A week after a gunman killed one woman and hospitalized four others at a doctor’s office in Midtown Atlanta, Georgia Democrats called on Gov. Brian Kemp to call a special session of the Legislature to consider legislation targeting Georgians to protect against gunshots.
The day after the Atlanta attack, a gunman killed three women in Moultrie before turning the gun on himself.
“The gun violence epidemic affects us all,” said James Beverly, minority leader in the Georgia House of Representatives and a Macon-based Democrat. “Parents send their children to school every morning with a pit in their stomach. Too many people have gone to church — churches, spas, doctor’s offices, grocery stores, malls, parks, concerts — and never returned home due to senseless violence. The growing danger that someone could be next looms over all Georgians. And our constituents don’t want to live like that anymore.”
Supporters of gun safety in the Capitol. Ross Williams/Georgia Recorder
Beverly said Democrats had tabled 16 anti-gun violence bills this year, but none of them had been voted on in any of the Republican-controlled chambers. The annual session ended in late March, and unless the governor calls a special session, lawmakers are not expected to return to the Capitol until January.
Beverly said they needed to come back as soon as possible to vote on bills that would include background checks, safekeeping of firearms and a red flag law.
“Every day lives will be lost when Georgia’s leaders — the Republicans — fail to lead,” Beverly said. “We say lead. Do not hide. The time is now.”
Dozens of gun safety advocates crowded the steps of the Capitol Wednesday chanting “Now, now, now.”
Kemp’s office did not respond to a request for comment. Calling a special session on gun laws would be out of character for the governor, who has described himself as a proponent of the Second Amendment.
Republicans control the Georgia House of Representatives by 101 votes to 78 and the Senate by 33 votes to 23.
But supporters hope the tide will turn, citing a recent Fox News poll showing a large majority of Americans support measures like background checks and red flag laws.
Tennessee’s Republican Gov. Bill Lee said he will call the state legislature to a special session in August to consider safety measures for the state after a school shooting in Nashville in March that killed three children and three adults advise on weapons.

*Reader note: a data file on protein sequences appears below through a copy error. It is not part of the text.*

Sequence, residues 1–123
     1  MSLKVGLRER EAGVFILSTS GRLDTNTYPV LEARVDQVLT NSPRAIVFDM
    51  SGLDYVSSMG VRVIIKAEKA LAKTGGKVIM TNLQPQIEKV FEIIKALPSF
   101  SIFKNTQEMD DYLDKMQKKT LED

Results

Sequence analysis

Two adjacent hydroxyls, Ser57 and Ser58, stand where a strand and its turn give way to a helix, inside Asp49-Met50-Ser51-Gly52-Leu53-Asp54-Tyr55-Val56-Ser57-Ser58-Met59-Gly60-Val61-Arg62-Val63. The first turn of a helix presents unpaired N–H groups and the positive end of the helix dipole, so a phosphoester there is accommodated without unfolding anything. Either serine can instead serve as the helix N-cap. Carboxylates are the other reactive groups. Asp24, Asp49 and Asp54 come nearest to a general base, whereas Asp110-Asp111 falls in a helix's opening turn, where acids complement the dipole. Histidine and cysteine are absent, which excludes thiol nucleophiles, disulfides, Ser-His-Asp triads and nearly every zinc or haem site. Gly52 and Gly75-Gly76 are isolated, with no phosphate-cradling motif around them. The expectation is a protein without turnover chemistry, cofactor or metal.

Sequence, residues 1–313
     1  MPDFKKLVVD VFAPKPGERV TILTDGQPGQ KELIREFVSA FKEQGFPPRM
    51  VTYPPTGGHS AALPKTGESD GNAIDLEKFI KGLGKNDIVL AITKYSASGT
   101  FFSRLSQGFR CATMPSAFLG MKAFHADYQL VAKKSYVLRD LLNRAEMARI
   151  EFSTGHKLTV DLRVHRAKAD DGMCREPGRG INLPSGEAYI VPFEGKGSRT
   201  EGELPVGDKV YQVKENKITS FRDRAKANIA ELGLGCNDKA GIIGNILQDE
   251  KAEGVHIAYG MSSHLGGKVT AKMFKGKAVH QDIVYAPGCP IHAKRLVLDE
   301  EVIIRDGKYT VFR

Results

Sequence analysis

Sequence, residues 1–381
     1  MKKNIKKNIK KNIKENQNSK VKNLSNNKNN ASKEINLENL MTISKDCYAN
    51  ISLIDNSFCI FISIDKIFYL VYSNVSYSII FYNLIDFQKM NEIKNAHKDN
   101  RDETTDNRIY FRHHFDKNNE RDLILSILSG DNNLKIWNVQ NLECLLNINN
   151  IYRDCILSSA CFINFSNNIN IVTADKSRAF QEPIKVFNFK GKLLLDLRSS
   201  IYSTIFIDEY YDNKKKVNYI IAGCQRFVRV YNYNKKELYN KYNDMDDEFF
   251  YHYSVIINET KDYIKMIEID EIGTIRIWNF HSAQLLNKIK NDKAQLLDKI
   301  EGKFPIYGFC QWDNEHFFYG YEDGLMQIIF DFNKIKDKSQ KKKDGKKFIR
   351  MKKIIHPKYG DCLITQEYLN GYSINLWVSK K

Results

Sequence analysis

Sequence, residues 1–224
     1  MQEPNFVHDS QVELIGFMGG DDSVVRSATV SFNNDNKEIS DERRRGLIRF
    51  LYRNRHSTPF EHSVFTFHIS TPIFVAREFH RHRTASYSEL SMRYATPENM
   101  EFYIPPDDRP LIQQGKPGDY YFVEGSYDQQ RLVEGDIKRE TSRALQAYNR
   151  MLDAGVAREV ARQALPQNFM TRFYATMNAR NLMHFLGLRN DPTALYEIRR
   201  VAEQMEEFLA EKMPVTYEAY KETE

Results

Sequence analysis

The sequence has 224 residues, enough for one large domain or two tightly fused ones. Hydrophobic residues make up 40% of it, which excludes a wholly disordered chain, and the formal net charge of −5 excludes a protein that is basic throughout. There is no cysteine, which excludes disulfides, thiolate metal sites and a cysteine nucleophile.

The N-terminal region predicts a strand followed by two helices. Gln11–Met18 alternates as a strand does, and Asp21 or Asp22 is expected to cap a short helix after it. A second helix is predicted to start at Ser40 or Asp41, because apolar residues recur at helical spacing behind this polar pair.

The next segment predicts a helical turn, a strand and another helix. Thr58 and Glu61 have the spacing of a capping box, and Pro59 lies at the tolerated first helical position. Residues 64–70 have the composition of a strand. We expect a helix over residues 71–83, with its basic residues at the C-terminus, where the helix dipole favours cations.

And gun safety advocates celebrated Monday in the Texas Capitol as a House committee introduced legislation that would raise the minimum age to purchase some firearms from 18 to 21. Texans have witnessed two shocking attacks in recent weeks – one in which a man is accused of killing five of his neighbors, including a nine-year-old, and another in which a gunman killed eight, including a three-year-old.
Senator Elena Parent. Ross Williams/Georgia Recorder
Some Georgia Democrats called it a sign of progress when a gun storage bill went through committee hearing in March this year. Republican leaders said they were willing to hear the measure but not vote on it. A gun lobbyist vowed at the hearing to “expose anyone who supports this bill, and that goes double for any Republicans who betray us.”
Atlanta Democratic Senator Elena Parent said she’s had conversations over the years with her Republican counterparts that might be persuasive on some gun issues, but she said they’re “a very extreme, small but outsized group of people.” subdued who are incredibly aggressive.”
“(They) take effect immediately if any of my fellow Republicans begin to support a policy that I know in my heart they support and I know makes sense,” she said. “That’s why I say everyone here needs to fight this, and they need to be thanked if they have the courage to endure the unrelenting, misogynistic terrorist threats that we all, but probably especially you, face online once you have her.” Spend money.” Toes in the water, which makes them walk.”